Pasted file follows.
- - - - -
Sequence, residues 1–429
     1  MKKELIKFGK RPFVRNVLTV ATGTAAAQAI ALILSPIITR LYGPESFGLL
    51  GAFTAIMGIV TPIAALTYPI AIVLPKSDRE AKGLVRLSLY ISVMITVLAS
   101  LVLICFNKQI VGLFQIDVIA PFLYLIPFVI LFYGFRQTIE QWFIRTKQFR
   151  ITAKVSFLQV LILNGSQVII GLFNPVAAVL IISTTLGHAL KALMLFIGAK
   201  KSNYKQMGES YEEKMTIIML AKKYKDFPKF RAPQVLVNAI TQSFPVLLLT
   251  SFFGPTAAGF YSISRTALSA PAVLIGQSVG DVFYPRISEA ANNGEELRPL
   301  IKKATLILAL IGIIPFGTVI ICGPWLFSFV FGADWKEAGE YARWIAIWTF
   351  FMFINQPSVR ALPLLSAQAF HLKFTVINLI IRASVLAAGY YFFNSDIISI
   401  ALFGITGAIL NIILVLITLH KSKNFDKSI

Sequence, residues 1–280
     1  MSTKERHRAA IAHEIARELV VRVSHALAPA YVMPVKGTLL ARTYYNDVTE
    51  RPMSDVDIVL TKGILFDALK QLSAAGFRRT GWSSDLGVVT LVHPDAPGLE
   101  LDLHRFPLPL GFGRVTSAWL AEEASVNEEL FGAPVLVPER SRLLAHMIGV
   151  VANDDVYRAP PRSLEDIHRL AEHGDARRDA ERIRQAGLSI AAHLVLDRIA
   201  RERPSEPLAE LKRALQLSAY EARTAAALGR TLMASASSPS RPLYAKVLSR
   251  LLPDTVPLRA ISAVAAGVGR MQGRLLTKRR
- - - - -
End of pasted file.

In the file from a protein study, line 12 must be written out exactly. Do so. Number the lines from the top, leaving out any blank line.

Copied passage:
     1  MSTKERHRAA IAHEIARELV VRVSHALAPA YVMPVKGTLL ARTYYNDVTE